In the medieval Highlands there were two types of marriage. The ancient secular union was organized by the families of the couple, and the marriage was confirmed in the bedroom. The church was not involved at all. In 1140, one writer said for a marriage to be considered binding it needed only “the act of physical union” and “marital love.”
From the thirteenth century a new form of marriage developed, one based on church law. The age of consent became twelve for a girl and fourteen for a boy at that time but most people married much later anyway. It tended to only be royal weddings that involved children.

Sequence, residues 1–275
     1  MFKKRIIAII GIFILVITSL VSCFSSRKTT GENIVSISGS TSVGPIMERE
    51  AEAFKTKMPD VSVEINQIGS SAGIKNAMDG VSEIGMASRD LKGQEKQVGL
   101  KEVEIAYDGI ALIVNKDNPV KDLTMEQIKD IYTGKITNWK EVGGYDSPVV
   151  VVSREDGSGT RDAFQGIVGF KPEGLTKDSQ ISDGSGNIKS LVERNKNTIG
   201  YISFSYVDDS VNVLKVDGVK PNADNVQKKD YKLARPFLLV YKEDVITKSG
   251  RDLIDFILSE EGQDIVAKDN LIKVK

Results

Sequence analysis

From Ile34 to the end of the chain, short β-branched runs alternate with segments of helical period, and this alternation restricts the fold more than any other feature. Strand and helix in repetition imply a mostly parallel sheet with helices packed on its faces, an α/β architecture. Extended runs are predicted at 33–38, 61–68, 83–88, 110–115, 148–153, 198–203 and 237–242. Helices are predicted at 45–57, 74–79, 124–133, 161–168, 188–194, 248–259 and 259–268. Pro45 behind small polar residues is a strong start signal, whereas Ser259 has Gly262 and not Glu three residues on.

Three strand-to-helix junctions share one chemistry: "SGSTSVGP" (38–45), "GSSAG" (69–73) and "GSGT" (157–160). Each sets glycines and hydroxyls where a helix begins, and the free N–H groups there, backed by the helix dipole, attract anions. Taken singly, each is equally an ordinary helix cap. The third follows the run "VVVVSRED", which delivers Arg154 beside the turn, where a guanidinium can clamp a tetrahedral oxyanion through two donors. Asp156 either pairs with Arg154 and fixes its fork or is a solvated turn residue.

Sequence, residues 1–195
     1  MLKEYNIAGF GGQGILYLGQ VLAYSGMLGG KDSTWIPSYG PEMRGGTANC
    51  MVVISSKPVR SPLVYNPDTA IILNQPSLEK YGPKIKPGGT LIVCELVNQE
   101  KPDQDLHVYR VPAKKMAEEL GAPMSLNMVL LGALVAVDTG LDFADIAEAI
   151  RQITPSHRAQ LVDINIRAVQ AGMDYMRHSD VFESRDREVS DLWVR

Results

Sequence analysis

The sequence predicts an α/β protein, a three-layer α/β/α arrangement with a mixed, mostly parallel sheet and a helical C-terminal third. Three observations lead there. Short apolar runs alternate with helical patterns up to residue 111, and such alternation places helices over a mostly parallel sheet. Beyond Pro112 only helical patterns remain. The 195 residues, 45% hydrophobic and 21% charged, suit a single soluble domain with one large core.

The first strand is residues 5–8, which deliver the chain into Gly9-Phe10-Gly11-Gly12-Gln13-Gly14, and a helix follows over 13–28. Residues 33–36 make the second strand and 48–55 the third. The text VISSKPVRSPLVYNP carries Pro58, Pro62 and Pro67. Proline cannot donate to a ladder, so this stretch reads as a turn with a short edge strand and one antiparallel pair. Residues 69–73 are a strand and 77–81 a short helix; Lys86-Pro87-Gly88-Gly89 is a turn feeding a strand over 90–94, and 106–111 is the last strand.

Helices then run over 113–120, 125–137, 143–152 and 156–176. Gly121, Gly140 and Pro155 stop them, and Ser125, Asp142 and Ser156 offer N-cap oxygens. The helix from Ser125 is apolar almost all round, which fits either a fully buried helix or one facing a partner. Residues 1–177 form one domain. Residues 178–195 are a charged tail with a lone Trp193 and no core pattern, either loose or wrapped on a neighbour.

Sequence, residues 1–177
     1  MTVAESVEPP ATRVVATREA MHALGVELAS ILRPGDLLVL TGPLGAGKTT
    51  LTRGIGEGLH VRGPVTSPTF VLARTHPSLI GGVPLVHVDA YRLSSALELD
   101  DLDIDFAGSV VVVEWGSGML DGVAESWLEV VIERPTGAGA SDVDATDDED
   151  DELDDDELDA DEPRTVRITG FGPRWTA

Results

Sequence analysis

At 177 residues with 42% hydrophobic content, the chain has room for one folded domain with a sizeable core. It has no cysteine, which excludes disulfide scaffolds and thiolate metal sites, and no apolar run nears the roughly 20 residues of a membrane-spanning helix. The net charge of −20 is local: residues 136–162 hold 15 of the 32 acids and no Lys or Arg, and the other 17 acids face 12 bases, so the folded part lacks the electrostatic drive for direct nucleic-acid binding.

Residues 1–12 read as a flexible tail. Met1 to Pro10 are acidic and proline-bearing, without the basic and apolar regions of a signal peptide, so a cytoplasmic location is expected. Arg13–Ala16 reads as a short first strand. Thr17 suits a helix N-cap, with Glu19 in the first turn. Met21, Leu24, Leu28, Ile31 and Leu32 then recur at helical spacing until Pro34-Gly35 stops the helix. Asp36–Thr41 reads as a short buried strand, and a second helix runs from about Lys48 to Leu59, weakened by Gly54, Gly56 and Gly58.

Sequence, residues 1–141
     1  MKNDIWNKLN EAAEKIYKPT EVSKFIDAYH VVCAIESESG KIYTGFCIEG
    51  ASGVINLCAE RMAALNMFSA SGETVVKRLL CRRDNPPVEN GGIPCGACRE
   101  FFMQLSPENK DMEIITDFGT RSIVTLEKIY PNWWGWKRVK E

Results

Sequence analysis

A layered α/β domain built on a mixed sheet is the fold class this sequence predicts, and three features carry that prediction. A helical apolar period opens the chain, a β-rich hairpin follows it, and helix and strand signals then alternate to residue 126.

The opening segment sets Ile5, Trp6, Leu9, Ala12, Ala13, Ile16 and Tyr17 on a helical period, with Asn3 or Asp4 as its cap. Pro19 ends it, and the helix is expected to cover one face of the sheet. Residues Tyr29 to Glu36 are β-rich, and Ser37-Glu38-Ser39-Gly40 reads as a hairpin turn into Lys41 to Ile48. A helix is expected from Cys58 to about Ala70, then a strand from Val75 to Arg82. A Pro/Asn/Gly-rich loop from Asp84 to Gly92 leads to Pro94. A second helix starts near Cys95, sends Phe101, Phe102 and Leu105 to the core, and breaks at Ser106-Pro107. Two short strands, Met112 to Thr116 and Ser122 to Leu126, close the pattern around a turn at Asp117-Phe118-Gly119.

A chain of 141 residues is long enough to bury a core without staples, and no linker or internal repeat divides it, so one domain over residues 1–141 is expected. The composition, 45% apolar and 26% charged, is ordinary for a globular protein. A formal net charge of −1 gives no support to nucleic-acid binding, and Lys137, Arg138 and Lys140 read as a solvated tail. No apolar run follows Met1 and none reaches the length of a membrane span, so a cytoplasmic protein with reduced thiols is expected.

In church weddings vows were exchanged in the churchyard first of all. The husband would then place a ring on his wife's finger as in the picture below.
Sometimes the couple would exchange rings. Only when this was done would the couple enter the church for Mass and the Blessing as in the image below.
Once that was over, a feast was held to celebrate the union.
Around the thirteenth century, the practise of Reading the Banns began. The local priest would place a notice on the church door that a couple intended to marry. The notice would mention that anyone who knew why they couldn't marry had three weeks to make the reason known.
How does that compare to the marriages in some of your favorite historical romances?